Chinese troupe stages The Mouse Daughter’s Marriage

May 31, 2012

ITI THEATRE FESTIVAL AT SHILPAKALA ACADEMY
Chinese troupe stages The Mouse Daughter’s Marriage
In the era of ‘opening up’ and ‘economic reformation’ to meet global challenges, when the Chinese authority is adapting many policies, traditional Chinese culture cannot be left behind! While the western animated movies are gaining popularity amongst Chinese children these days, Chinese artistes are creating experimental Chinese Opera, maybe in reaction, to quench the thirst of the new generation audiences.
Such observations came up while watching the production of ‘The Mouse Daughter’s Marriage’ by Nanning City Opera Troupe (also known as Nanning Yue Opera Troupe), on Tuesday at the National Theatre Hall of Bangladesh Shilpakala Academy. The troupe staged the show as part of the ongoing theatre festival organised by ITI Bangladesh Centre.
The allegorical drama satires the human psyche of the idea that the ‘grass is greener on the other side of the fence’, through the symbolic character of a mouse that wishes to marry her daughter to a ‘superior’ species, a cat, considering its power and wealth.
Artistic adviser and playwright Chua Soo Pong’s experimental theatre production has been presented like an animated movie by Walt Disney Pictures. However, the movement of actors, acting patterns, directorial compositions and music composition follow the tradition of Peking Opera, now known as Beijing Opera.
Yu Ren, in the role of Mouse Daughter, performed brilliantly onstage, especially her mouse-like movements and gestures, portraying her fantasy for the Cat with stunning rendition skills.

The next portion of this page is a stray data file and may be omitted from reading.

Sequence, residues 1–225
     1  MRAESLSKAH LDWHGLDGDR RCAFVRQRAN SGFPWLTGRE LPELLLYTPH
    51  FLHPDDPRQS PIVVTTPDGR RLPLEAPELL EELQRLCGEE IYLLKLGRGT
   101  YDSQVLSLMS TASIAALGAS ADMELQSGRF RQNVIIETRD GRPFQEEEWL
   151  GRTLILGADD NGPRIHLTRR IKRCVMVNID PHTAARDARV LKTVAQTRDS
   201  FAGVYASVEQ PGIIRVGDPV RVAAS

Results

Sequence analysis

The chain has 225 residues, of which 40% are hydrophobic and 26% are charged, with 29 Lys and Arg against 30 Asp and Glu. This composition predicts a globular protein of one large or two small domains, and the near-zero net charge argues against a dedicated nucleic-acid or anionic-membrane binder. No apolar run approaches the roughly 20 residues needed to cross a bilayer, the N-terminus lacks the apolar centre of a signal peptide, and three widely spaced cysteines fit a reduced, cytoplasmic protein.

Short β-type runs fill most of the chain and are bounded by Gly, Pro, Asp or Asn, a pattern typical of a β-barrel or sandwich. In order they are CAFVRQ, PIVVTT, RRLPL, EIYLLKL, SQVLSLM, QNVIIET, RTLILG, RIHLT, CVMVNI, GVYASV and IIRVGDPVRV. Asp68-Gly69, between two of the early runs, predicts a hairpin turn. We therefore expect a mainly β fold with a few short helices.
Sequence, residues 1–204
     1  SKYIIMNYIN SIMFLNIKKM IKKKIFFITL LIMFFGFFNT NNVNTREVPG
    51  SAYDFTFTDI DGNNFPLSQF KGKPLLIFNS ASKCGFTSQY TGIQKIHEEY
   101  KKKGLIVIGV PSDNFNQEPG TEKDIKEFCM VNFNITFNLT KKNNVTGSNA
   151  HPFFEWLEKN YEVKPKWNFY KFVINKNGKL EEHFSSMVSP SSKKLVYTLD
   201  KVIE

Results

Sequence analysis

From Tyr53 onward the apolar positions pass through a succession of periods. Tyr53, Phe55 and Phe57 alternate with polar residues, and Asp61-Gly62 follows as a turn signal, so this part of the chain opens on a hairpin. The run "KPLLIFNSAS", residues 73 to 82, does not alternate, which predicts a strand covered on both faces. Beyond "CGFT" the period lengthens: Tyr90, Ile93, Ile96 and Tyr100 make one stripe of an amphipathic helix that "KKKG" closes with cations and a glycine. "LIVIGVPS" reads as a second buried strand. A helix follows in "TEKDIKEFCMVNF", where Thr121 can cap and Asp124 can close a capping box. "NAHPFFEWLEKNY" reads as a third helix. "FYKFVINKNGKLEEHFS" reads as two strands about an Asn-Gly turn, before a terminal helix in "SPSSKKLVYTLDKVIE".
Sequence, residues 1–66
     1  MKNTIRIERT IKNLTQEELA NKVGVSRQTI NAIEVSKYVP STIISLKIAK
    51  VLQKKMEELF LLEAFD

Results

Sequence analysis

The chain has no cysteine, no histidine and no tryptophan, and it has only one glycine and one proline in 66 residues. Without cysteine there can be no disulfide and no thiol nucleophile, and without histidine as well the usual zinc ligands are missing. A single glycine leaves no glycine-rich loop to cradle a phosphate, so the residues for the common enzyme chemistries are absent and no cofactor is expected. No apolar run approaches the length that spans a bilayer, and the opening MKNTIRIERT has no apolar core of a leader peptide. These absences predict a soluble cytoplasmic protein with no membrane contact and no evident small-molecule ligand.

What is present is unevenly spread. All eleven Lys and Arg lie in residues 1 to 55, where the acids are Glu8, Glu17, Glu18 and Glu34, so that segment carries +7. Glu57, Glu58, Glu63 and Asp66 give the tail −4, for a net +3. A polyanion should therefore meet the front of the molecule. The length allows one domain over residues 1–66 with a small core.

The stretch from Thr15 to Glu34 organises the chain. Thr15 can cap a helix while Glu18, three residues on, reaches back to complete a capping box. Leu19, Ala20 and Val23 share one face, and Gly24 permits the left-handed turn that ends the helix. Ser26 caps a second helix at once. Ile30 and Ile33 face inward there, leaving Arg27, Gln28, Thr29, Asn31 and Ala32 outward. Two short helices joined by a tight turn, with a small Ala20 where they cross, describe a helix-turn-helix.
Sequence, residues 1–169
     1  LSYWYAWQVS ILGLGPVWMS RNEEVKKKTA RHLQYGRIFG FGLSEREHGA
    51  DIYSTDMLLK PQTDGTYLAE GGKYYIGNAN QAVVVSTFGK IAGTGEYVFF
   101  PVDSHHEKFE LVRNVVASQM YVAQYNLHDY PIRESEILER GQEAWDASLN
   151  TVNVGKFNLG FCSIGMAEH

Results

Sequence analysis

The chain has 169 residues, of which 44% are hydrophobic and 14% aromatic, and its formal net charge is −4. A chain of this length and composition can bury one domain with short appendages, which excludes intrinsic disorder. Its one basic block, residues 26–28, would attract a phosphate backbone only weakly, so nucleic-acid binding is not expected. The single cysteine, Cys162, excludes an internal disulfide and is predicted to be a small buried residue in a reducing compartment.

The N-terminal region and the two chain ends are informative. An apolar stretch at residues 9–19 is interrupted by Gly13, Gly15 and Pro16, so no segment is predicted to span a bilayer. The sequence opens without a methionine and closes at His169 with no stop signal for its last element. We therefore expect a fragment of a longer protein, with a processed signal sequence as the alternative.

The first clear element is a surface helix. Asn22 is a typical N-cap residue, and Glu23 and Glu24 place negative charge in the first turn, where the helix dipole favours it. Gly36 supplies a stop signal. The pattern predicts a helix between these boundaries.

Earlier, the Nanning Yue Opera Troupe, one of the leading traditional theatre companies in China, also presented a brief performance of traditional Chinese opera for the entertainment of the Dhaka audience.
The performance followed the 16th century ‘Kunqu’ tradition of the Peking Opera- a style originated in the Wu cultural area, listed as one of the Masterpieces of the Oral and Intangible Heritage of Humanity by UNESCO since 2001. Nanning artistes He Hui Lin and Huang Jun Cheng presented the story of the historic encounter of Shu state general Zhang Fei with the young and arrogant general Zhou Yu of Wu state, during the late Han Dynasty period of Chinese history in 175–210 AD.
Dr Chua Soo Pong also demonstrated the meaning of the movements, gestures and the mask of the traditional Chinese opera for the houseful audience.

-With New Age input

Advertisement Area

Comments

Got something to say?

You must be logged in to post a comment.